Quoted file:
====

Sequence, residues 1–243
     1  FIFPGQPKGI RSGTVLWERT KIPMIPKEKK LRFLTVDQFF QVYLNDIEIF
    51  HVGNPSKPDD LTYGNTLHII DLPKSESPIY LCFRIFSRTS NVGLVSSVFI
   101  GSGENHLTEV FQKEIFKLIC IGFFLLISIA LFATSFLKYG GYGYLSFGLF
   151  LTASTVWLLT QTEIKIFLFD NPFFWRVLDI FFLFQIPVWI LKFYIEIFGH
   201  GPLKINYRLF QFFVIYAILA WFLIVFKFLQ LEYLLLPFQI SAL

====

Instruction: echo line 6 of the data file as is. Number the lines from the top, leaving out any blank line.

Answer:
   201  GPLKINYRLF QFFVIYAILA WFLIVFKFLQ LEYLLLPFQI SAL